The Financial Crimes Enforcement Network (FinCEN) has identified thousands of instances where financial institutions, particularly banks and money services businesses (MSBs), filed suspicious activity reports (SARs) involving title and escrow companies, often in connection with mortgage fraud.
In a press statement, FinCEN says that it does not currently require title and escrow companies themselves to file SARs, but many have reported suspicious activities by annotating the Report of Cash Payments Over $10,000 Received in a Trade or Business (FinCEN Form 8300), which they are required to file.
Structuring, false statement, and mortgage loan fraud were the primary activities reported from 2003 through 2011, the period which FinCEN analyzed. The study covers 11,800 records filed by depository institutions, 10,000 records filed by MSBs, and over 1,000 annotated Forms 8300 filed by title and escrow companies.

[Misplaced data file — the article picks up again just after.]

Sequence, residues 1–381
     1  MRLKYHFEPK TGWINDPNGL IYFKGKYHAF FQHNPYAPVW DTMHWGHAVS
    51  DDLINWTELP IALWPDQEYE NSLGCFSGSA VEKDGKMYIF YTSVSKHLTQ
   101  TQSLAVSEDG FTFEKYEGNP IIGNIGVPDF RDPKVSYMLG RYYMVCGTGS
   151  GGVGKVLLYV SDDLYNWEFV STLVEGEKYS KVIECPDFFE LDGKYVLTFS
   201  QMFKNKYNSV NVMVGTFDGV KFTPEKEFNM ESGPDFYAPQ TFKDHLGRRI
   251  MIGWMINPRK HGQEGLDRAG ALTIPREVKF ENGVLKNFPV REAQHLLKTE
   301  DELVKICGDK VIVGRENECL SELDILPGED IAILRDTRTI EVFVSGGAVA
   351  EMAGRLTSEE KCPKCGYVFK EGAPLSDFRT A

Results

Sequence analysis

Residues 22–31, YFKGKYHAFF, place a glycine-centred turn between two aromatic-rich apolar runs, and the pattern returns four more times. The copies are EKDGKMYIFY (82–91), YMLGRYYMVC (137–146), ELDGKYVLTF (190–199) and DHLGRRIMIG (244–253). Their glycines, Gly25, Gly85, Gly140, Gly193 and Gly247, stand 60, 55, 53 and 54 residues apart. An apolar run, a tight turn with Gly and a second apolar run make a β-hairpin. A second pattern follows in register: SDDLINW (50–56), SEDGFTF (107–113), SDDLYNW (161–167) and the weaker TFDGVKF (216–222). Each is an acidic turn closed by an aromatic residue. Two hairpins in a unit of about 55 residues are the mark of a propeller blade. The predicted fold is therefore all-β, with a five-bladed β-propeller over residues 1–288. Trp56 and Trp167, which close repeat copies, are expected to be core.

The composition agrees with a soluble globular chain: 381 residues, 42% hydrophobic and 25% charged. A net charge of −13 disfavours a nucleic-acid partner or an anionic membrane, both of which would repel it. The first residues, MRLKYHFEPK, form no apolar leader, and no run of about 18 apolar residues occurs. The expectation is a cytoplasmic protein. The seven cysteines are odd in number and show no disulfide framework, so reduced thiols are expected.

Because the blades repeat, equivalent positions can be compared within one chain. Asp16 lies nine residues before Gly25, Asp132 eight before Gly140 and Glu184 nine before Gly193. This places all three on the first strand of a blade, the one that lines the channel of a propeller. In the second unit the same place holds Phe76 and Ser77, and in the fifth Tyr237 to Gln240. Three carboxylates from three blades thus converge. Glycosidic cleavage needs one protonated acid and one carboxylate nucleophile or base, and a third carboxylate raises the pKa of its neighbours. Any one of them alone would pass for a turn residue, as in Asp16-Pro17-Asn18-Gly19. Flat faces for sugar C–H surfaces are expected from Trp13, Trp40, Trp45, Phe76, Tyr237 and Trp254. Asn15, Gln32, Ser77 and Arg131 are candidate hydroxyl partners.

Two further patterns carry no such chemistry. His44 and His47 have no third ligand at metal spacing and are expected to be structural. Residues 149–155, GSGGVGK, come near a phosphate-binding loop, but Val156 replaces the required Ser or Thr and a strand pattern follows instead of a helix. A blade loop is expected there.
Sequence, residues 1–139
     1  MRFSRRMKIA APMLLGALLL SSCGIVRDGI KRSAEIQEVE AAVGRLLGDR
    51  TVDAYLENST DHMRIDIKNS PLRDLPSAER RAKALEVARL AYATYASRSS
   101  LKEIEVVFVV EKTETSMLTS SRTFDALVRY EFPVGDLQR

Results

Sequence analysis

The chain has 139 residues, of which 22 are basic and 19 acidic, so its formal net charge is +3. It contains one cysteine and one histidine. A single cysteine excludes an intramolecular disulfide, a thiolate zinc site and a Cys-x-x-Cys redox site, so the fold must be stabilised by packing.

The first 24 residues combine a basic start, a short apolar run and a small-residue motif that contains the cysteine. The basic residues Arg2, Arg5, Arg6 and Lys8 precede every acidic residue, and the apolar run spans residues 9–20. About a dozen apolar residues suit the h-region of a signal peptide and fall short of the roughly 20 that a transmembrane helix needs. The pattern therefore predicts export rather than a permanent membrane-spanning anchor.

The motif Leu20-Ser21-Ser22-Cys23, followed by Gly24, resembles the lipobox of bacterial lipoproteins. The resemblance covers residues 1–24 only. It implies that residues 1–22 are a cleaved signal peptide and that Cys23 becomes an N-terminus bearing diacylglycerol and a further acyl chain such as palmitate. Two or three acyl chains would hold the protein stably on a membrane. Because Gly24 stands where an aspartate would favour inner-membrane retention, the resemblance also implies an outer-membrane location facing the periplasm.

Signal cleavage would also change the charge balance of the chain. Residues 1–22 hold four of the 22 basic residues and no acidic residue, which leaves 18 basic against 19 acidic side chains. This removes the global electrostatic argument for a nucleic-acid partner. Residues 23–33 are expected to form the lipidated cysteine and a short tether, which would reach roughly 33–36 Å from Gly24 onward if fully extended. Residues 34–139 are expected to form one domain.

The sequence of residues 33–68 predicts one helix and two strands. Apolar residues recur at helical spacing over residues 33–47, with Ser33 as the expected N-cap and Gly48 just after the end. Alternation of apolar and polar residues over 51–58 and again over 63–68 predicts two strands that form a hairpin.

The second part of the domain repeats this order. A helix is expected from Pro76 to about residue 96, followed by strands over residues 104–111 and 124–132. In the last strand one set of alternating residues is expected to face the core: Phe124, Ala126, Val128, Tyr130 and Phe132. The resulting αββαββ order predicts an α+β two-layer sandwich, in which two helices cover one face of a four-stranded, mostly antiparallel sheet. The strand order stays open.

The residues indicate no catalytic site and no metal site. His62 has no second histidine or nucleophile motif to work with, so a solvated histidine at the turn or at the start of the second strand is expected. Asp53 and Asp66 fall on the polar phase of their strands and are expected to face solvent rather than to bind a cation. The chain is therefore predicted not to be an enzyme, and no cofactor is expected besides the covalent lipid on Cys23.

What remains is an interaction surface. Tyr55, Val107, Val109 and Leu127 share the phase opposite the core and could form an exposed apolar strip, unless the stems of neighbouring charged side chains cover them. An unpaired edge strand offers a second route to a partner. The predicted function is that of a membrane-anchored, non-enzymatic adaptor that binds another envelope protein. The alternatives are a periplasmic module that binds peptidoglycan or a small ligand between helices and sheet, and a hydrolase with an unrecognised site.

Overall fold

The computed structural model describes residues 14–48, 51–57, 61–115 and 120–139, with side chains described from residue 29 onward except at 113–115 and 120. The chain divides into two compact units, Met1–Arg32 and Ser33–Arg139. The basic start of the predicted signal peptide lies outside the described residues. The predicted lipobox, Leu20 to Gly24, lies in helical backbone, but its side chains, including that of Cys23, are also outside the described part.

‘This first baseline study will help inform our ongoing efforts to identify regulatory gaps that criminals look to take advantage of,’ says FinCEN Director James H. Freis Jr. ‘We can now more efficiently and effectively address those gaps and mitigate those risks through public awareness, support to law enforcement or appropriate regulatory action. This comprehensive review provides greater context to understand the individual instances previously identified by FinCEN in its studies of mortgage fraud and money laundering in the real estate industries, as well as in supporting criminal investigations and prosecutions that involved title and/or escrow companies.’